Do you have a studio for your rehearsals?
Yes, we have it out in Taby and it is a brilliant place. We are going to start recording there. Our first record was done at another place in Huddinge. Now we will try to record in the jamming room, like really really old school. It is a friend of ours who built that studio and it is a really old-school studio. It is very inspiring and different from ordinary jamming rooms that you rent, where you are usually two by two and cannot breathe. In this studio you can make you a cup of coffee and there is even a sauna.
Who writes the music?
Mostly, it is me. Both music and lyrics. I usually say that I present them. I like the freedom of how you would interpret them, how you would play the riff. Maybe instead of playing F-sharp minor, the guitar just goes down to A major.
Do you have any discussions about lyrics within the band?
Always. I am not a singer and people who criticise my lyrics have to say more about poetry or literature. I always write about politics and about being hurt by somebody, being insulted.
How do you keep yourself inspired?
I try not to go agains individuals. Once, I had a song about one individual, a journalist who got on my nerves. Usually, I try to observe a phenomenon. One of the songs was about the pain of not belonging but the sweetness of the longing. Sometimes, if you change venues, if you change apartments and if you change schools, which I have done, you feel like you do not really fit in, you do not really belong there. Things are not going the way you would want them. Once, I was totally broke, hanging out with my friends, surrounded by pretty rich people, who were loaded with cash, while we were not. At that time, I experienced that sweetness of longing. This is a paradox of life. Thus, there are a lot of things to write about. It is about duality of longing and not belonging. I am not trying to preach but to raise questions within different areas of life.
The title of song ‘Broadway’ was intentionally misspelled and people called me up saying it was misspelled. My answer to it was, “So is Manhattan.” Everything is kind of misspelled on the record. The name is misspelled. However, this particular song was my personal experience, while watching a great Broadway show. The audience consisted of multiracial and multinational, quite wealthy people, clapping their hands to celebrate that the justice won at the end of the play. At the same time no one even bothered to give a couple of dollars to the beggars outside. They were clapping their hands inside, not bothering about what was going on outside. I got a bit chocked. Therefore, the song starts with the words, “Justice locked inside an old theatre.”
If your band was an artwork, what would it be?
I think it would be a painting, portraying something like French Revolution, Declaration of Independence — some kind of protest, definitely. Alternatively, it could be some knights on a march towards freedom. It would be early Romanticism of the 19th century.
How do you keep your spirits up during these challenging times?
We keep producing, because now it is the time for us to spread, to build and to compose even more. I am writing lyrics all the time now. This time, however, we will do it differently. The singer now wants to be more involved into the creative process. The first record is more about guitar with some base on it. Now we will work more on developing the melody on vocals. I find this time very creative, because Sweden shows its own way, some other European countries have a more stringent strategy. And I find this time amazing. As a band, we are expanding now and doing a lot of creative things in the old school way. One of our guys drives a truck delivering milk. He could not lock himself down because someone had to do his job. I work as a teacher, where I mostly teach in social sciences and English for the grades between 4 and 9. And I had to do my job during the entire #stayhome-period. Children need to be looked after, therefore they needed to keep coming to school.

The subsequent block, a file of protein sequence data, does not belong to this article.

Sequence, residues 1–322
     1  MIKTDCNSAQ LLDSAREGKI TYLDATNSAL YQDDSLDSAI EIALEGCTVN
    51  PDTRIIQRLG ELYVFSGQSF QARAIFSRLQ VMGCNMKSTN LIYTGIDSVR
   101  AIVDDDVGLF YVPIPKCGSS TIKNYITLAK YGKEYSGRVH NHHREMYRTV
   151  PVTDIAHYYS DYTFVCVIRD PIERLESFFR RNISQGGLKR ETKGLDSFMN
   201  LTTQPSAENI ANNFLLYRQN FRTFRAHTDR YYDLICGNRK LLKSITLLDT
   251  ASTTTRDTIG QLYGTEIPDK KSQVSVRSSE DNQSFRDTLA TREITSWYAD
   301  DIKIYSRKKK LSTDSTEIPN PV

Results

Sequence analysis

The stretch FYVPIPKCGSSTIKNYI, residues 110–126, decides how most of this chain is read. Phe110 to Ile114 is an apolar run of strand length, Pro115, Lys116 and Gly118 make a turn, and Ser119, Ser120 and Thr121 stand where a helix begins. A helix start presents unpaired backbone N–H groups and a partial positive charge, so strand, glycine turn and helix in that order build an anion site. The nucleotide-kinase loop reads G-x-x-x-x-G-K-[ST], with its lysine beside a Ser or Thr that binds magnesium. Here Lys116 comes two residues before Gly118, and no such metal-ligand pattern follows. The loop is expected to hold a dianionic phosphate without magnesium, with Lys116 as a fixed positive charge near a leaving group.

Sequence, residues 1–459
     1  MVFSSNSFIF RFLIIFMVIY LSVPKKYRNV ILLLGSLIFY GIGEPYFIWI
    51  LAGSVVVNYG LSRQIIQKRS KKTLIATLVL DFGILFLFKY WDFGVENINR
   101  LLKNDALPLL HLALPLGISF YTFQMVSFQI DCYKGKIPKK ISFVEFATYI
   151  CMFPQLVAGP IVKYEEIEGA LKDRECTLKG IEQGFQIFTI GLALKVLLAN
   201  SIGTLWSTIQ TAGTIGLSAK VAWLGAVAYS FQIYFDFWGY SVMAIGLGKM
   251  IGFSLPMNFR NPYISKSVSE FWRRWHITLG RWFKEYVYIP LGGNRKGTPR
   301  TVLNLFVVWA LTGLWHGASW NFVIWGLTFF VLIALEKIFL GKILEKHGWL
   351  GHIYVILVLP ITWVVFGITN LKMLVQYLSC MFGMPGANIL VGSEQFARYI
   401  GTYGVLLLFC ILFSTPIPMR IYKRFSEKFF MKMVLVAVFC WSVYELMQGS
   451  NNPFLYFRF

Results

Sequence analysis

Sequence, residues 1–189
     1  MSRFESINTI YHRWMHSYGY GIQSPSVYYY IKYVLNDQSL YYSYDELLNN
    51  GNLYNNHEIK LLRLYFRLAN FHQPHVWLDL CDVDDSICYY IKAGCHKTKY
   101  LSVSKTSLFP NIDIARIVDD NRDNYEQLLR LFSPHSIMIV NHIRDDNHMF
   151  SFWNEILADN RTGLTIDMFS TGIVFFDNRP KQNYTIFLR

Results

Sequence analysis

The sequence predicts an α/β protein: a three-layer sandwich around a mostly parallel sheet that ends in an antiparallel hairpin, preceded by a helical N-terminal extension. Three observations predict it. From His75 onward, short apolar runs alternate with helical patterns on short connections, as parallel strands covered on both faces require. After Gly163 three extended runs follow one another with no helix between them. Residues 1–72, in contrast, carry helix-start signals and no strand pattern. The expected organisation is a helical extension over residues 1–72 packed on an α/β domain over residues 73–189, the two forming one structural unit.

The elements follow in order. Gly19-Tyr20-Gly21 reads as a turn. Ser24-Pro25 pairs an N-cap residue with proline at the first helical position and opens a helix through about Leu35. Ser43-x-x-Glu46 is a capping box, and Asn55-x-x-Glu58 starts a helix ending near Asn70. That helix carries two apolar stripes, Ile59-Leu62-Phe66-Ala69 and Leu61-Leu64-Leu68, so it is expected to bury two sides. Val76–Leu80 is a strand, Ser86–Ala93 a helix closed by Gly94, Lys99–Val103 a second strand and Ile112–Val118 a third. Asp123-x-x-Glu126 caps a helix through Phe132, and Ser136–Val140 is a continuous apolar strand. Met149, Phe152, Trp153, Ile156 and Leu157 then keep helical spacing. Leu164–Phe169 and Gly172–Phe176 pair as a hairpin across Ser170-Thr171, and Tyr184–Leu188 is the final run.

Has your presence on Spotify helped you to be out there for your audience during COVID-19?
Yes, definitely. We have noticed that there has been an expansion on Spotify since the lockdown. Already, at an early stage, our guitar player suggested that we had to spread ourselves on Facebook, Sportify and other social media.
Has the COVID-19 period affected your lyrics?
I think so. I belong to those people, who wants to reflect over what is going on at the moment, the current events. I am telling a history what I have been through, what other people have been through. The thing that triggers me off is the injustice on the individual level or on more social level. Look at the elderly people who have worked for sixty years and now they cannot even leave their apartments. Some lucky ones have a garden. But what about the rest? They are locked in the concrete jungle.
What kind of support would you, as a creative entrepreneur, like to have in such challenging times?
It is a good question. I have been going around town now and there are places, there are arenas, there are squares. And we have an amphitheatre out here on Langholmen. So, what I would like to see is an opportunity for music bands to perform on those stages. Perform for people. If there is electricity there, you can perform, while you are still keeping a social distancing.
Would you consider to perform in a digital mode?
Our singer really wants us to do that. It is a great idea but it would be nice to keep the physical performance and, maybe, play outside.
What advice would you give to musicians who have just begun their music journey?
Do not give up! Just do not give up!
Could you say a couple of words about your future vision?
We want to expand and to keep on creating new music.
“One spin on those heels
One ride on the wheels
One hang for the chills
One tear for the bills.”